It is acknowledged that IT has a crucial role to play in the UK’s future prosperity.
However, with intensied competition from Europe and the fast emerging Asian
economies, Britain must have the right level of skills, competencies and abilities to
compete globally and sustain economic potency. The problem is there are serious
concerns over the IT skill shortage, which remains acute.
A recent survey by the CBI1 showed that 39% of rms surveyed are already struggling
to recruit workers with the advanced technical STEM (science, technology,
engineering and maths) skills they need. Further, 41% of the rms believe that the
shortage will persist for the next three years. City AM2 also reported that technology
rms in the London area are having to pay increasingly higher salaries to recruit
talent. Salaries for technology jobs have risen by 26% in the last year alone with an
average salary of £48,307 in London and £38,247 nationally.
In the software and application development space there is a shortage of developers
particularly in the UK where the digital economy is growing exponentially and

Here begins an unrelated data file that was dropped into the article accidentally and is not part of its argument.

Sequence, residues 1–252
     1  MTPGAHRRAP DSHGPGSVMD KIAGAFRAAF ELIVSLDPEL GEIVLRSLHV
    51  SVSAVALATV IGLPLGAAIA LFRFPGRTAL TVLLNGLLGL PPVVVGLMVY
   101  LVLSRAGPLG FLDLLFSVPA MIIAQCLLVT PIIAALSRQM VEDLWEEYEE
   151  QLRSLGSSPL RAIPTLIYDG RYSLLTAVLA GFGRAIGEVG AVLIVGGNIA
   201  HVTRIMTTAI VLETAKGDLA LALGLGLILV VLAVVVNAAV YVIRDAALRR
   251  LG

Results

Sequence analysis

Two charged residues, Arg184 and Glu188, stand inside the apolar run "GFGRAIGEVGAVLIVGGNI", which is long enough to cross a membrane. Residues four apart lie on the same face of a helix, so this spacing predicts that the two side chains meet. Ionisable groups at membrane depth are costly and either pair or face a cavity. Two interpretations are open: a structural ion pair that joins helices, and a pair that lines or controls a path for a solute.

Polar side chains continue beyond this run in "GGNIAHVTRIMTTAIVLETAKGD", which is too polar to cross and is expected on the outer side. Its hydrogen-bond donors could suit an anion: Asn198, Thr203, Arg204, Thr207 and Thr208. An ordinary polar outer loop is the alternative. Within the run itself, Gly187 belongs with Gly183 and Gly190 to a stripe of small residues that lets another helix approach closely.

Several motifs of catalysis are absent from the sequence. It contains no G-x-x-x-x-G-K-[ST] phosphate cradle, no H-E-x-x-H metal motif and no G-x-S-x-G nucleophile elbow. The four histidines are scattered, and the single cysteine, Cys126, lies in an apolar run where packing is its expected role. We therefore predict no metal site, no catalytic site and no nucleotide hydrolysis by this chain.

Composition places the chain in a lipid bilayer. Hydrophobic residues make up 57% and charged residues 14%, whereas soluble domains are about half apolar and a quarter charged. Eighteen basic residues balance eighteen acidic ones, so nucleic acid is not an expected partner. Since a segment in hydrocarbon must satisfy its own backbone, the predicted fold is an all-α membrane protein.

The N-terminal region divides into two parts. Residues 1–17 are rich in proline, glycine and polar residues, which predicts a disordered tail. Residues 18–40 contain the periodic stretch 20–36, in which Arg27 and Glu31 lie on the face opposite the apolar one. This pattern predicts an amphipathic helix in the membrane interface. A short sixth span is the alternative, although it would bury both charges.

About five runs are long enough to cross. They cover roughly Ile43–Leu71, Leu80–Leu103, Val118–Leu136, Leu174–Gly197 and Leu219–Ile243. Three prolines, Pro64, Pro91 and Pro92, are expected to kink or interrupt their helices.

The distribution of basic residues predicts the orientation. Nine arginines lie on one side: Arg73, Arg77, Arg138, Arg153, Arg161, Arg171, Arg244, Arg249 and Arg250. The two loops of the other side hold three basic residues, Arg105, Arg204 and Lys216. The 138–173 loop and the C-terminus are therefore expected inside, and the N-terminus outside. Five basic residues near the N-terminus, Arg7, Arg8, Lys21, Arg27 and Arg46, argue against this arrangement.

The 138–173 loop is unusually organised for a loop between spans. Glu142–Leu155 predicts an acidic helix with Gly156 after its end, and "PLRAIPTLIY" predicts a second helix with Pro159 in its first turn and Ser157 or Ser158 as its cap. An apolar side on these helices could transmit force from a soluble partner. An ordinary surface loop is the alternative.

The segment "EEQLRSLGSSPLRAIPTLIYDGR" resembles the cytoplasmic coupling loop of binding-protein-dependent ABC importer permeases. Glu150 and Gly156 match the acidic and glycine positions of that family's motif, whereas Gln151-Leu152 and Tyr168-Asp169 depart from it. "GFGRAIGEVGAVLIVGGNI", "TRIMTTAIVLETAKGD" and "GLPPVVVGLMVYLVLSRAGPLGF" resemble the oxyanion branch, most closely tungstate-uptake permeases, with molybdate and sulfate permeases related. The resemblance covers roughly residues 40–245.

in-house development is back in fashion3. Here, demand for developers is accelerating
with rising salaries and increases in the number of vacancies. While rms look
to up their eorts and investment in sourcing the talent required to sustain their
business growth, IT project delays continue to be reported with IT request backlogs
growing at a rate of 10 to 20% per year.
In order to overcome a depleted skills base, IT departments will need to take a
dierent approach. This whitepaper examines the scale and complexity of the
IT skills issue, focusing on specic areas within IT departments where the skills
issue will impact most, particularly around application development. The paper
also considers a number of approaches that IT departments and the operations
team can take to overcome these challenges in light of a shortage of application